A new state-of-the-art aquatic complex is being built in Reedley, California Central Valley, at Reedley High School.

Myrtha Pools will provide the aquatics complex with a 50m Olympic-size competition pool and a warm-up pool. Currently no swimming pools are available for the high school’s swim and water polo teams, which must commute to neighboring high schools to practice and compete. The new Complex is expected to serve both Reedley High and the community, as well as host important regional competitions, helping raise the profile of the district and the city.

Recently, Roberto Colletto, the Chief Executive Officer of Myrtha Pools came from Italy to visit the complex. He brought with him Gary Hall Jr. – American swimmer who won 10 medals, including five gold, at three Olympic Games from 1996 to 2004 – and Mike Mintenko, who competed for Canada at the Olympic Games in 2000 and 2004. Both former athletes now work for Myrtha Pools USA.

Mr. Colletto said Reedley’s main pool and warm-up pool will be the first Myrtha pools in the Central Valley and he wants to showcase the project in California. “We understand this is an important project for this community,” he said. “So we want to make sure everything goes well for the project.”

Opting for Myrtha’s technology increases a few the cost of the entire aquatics project, but the District Officials believe the added investment will pay for itself within seven to eight years through significant reductions in maintenance and repair costs.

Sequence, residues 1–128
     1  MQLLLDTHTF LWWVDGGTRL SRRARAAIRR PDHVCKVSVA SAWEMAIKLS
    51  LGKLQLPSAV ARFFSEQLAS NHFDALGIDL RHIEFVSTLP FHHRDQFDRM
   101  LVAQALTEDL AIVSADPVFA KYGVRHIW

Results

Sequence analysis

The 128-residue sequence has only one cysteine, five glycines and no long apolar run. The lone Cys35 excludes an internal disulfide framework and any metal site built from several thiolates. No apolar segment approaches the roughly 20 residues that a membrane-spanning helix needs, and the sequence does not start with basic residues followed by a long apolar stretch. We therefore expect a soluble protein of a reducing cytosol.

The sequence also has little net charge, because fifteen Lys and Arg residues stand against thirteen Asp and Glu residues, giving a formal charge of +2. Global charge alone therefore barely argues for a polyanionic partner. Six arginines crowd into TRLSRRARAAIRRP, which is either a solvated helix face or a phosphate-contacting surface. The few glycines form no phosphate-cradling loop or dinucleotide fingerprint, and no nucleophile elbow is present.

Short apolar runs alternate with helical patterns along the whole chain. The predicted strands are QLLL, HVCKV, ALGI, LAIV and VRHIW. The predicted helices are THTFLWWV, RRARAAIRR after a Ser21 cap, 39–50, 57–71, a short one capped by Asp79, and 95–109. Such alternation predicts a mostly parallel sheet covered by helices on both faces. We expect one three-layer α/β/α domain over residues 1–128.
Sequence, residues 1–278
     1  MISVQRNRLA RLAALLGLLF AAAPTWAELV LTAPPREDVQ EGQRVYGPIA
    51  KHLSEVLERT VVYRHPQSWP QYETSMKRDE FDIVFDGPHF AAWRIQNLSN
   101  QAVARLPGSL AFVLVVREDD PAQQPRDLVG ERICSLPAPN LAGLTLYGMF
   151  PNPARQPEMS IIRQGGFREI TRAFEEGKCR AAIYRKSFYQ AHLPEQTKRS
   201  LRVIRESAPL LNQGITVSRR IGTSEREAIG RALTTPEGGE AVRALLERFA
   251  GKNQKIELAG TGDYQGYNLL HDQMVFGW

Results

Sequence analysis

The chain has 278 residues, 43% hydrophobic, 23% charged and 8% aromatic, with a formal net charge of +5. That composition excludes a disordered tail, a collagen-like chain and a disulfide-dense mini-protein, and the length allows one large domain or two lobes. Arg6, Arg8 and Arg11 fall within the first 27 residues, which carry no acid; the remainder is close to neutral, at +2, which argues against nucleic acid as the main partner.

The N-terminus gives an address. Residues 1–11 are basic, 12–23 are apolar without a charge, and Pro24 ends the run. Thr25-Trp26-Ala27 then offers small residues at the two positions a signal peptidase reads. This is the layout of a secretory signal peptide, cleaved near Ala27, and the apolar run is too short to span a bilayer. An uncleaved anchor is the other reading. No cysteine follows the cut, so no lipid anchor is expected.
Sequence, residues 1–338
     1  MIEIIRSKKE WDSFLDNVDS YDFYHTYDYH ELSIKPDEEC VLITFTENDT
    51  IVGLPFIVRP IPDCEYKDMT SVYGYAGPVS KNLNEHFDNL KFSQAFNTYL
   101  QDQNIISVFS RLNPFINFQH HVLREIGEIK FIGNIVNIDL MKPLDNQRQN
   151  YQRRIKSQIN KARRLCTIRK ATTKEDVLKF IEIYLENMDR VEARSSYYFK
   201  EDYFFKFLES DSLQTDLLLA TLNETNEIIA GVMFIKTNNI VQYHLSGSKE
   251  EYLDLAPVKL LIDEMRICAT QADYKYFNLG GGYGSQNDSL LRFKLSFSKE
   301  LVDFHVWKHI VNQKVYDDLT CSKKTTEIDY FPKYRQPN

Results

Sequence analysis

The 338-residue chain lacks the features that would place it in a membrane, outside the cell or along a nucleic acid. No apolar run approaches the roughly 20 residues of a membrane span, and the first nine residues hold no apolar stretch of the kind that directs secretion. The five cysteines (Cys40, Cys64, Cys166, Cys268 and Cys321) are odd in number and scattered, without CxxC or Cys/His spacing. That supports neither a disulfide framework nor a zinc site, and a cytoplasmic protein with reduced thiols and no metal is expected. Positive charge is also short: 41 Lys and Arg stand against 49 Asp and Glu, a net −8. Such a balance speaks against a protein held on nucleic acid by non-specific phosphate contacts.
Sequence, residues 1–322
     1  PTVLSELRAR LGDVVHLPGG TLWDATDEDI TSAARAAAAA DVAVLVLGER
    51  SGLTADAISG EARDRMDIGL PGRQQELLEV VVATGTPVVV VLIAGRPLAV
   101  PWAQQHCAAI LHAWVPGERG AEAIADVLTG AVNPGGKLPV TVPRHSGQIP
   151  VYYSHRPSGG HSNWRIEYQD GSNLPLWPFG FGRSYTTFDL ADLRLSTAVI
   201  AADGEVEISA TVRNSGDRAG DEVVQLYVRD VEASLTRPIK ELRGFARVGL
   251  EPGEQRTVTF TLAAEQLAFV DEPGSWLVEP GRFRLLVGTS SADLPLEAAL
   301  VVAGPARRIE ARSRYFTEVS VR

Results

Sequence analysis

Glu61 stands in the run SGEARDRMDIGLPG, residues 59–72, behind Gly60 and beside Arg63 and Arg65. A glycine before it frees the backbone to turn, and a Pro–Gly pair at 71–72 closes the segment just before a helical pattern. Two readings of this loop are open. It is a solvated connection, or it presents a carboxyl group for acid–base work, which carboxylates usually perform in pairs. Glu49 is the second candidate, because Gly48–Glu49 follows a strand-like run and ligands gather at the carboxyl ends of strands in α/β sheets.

In drawing up plans for the aquatics complex, district officials hired The Isaac Sports Group to assess the pros and cons of building a pool with traditional gunite or going with the Myrtha method.

Isaac Sports ran price comparisons on different types of pools, demonstrating that stainless steel pools cost much less to operate and maintain in the long run. Gunite or plaster pools more frequently need maintenance and repair, such as re-plastering. The traditional pools also use more chemicals than stainless steel pools.

Giving Isaac Sports’ consultancy, the District officials believed that the advantages of Myrtha– which includes a 15-year warranty – was the better move and asked the board of trustees for final approval, also considering that the complex – by attracting regional meets and events – will bring money into the community.

The aquatics complex is scheduled to be finished before the start of the 2014-15 school year in August.

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